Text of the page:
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December 02, 2018

Ginnie Mae Looks to Tighten the Reigns on Mortgage Servicers

Servicers should expect to face tougher scrutiny from Ginnie Mae in the coming months and year ahead. As the interest rate and lending environment has evolved, the government-backed mortgage-backed security (MBS) guarantor has expressed increasing concern with liquidity management. Agency representatives have hinted at new standards, tougher evaluations, policy changes, and credit ratings in the works. With enhanced oversight seemingly imminent, servicers should ensure they have existing requirements under control and be prepared for a ramp up in associated agency rules, operational disruption, and the need for workflow automation.

Ginnie Mae Looks to Tighten Reigns

 

Why the changes?

The majority of the new requirements will focus on nonbank lenders and servicers. Over the past decade, the share of nonbank issuers has ballooned from 18% in 2009 to 76% in 2017. During this same period of time, Ginnie Mae’s MBS footprint has tripled to $2 trillion mortgages. This growth occurred during unprecedented low interest rates. As the housing market slows down and the Federal Reserve continues to raise interest rates, analysts expect mortgage delinquencies to increase, creating more risk for the nonbank sector.

“Anticipating a more challenging lending and servicing environment, the agency has turned its eye to lenders and servicers initially responsible for covering the cost of missed mortgage payments on the MBS they guarantee. We’ve never been in an environment where there were quite this many non-banks,” Michael Bright, Ginnie Mae executive vice president and chief operating officer said in a recent interview with the Washington Post. Unlike bank lenders and servicers, nonbank lenders and servicers are not as heavily regulated and more importantly can’t tap into deposits to cover unexpected losses. The shifting economic environment and growing share of nonbank lenders and servicers has sparked concern about the availability and stability of liquidity in more challenging markets. “We need to take some additional measures,” said Bright.

Anticipated Changes

Ginnie Mae appears to be considering a wide range of available options to bolster the liquidity of its MBS program. New issuers and servicers are expected to face stricter qualification criteria. Nonbank issuers should anticipate servicer and credit rating requirements. Internally, Ginnie Mae is reportedly reexamining policies around nonbank lenders and servicers, and the rise of mortgage servicing rights (MSR) financing. “We’re working on [these] policies right now,” Leslie Meaux Pordzik, Ginnie Mae’s senior vice president of issuer and portfolio management, said at a recent industry conference.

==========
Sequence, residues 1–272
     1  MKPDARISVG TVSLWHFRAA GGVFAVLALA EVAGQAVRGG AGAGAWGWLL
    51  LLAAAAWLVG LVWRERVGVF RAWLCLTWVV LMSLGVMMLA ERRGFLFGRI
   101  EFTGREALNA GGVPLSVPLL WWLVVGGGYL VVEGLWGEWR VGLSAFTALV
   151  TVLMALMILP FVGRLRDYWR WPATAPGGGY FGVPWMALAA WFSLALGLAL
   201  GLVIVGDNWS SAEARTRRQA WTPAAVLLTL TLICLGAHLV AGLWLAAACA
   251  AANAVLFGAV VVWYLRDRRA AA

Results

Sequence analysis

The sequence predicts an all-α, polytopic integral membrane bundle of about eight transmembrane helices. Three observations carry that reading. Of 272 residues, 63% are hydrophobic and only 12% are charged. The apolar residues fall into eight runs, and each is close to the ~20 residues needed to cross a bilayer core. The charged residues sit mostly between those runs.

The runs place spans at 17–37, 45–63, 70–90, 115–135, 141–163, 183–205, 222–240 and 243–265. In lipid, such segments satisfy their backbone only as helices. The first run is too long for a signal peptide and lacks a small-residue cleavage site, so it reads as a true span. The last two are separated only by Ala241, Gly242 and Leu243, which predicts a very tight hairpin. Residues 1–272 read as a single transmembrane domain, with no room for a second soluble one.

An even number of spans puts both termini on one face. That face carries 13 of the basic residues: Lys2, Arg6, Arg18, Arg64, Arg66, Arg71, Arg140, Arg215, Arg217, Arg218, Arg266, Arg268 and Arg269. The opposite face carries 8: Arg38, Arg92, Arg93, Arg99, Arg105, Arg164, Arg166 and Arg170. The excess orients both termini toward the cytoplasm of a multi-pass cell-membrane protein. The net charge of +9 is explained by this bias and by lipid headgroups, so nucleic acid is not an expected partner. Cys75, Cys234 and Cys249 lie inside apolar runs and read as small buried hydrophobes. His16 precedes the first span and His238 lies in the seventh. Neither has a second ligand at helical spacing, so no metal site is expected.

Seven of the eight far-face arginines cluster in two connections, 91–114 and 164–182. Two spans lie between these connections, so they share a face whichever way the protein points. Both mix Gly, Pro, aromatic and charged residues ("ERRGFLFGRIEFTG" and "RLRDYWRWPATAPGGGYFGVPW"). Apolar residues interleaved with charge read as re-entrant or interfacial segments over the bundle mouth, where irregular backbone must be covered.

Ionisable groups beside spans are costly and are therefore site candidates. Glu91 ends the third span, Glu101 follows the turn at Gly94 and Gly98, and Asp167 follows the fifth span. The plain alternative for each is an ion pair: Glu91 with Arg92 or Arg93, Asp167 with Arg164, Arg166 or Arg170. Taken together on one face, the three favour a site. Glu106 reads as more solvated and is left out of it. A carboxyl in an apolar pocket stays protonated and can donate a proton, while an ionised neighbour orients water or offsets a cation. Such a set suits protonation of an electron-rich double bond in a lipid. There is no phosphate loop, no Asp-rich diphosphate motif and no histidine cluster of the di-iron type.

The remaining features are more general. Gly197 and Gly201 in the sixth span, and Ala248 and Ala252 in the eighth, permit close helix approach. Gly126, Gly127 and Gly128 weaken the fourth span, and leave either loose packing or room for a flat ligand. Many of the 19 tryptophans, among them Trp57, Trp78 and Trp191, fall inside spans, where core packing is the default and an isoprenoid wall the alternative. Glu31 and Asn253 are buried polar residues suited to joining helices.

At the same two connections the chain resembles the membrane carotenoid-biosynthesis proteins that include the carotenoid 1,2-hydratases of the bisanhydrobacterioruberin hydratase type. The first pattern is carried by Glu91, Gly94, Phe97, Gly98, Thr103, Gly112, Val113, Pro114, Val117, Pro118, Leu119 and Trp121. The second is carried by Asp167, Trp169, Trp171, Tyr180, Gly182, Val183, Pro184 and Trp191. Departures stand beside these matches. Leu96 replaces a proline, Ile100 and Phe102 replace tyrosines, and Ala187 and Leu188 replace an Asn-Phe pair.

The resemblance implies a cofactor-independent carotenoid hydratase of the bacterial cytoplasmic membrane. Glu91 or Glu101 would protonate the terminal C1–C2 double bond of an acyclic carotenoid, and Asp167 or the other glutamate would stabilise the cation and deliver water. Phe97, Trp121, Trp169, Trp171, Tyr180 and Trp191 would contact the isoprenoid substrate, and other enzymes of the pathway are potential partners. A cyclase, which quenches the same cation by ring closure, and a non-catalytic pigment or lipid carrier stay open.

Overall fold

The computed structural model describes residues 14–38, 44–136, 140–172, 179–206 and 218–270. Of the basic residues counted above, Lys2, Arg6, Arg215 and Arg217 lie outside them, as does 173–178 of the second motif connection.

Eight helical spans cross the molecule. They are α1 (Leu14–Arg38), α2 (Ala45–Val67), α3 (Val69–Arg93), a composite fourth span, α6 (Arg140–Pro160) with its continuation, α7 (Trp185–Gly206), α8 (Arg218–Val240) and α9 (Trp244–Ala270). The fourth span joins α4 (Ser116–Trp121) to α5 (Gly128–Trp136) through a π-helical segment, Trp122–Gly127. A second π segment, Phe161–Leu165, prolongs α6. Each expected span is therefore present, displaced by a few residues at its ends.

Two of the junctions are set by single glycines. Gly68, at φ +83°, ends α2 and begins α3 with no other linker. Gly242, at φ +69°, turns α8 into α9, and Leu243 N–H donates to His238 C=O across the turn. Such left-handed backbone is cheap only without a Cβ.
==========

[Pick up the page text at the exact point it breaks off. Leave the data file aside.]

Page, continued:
Unable to demonstrate the capital buffer available to banks, nonbank lenders and servicers are likely to bear the brunt of policy changes. New and existing servicers working with Ginnie Mae may be called upon to validate a higher level of internal compliance and requirements management, while standing ready to roll out policy updates on demand. In today’s environment, where servicers remain challenged by onboarding, deregulation, increasing state oversight and disaster recovery relief, adding stricter compliance and imposing new requirements will create a real obstacle to maintaining profitability and stability.

Incorporate changes with CLARIFIRE®

Preparing to assimilate another wave of policy changes into operational processes, as well as servicing systems and point solutions, is no small effort.  Nonbank and bank servicers alike, can benefit from a nimble, configurable workflow solution that effectively adds requirements-based rules and metrics to support evolving policy.  CLARIFIRE® delivers an innovative industry workflow platform that is uniquely designed to integrate change across multiple systems, offering flexibility to audit and manage  underlying business  rules, drive  required activities throughout the servicing organization , identify exceptions before they are issues, and most importantly offer the control, visibility  and oversight  you need to be confident your servicing entity is compliant with Ginnie Mae requirements, old and new. Don’t wait for changing policy to create more chaos in your organization, find out how to ready your team and your systems for the new year today.  Visit eClarifire.com, or contact us directly at 866-222-3370.

 

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Jane Mason

Jane Mason | @janemasonceo

Jane has applied her vast experience (over 25 years) operating process-driven businesses to successfully redefine client-focused service. Jane has worked with expert programmers to apply cutting-edge web-based technology to automate complex processes in industries such as Financial Services, Healthcare and enterprise workflow. Her vision confirms Clarifire's trajectory as a successful, scaling, Software-as-a-Service (SaaS) provider. A University of South Florida graduate, Jane has received many awards related to her entrepreneurial skills.
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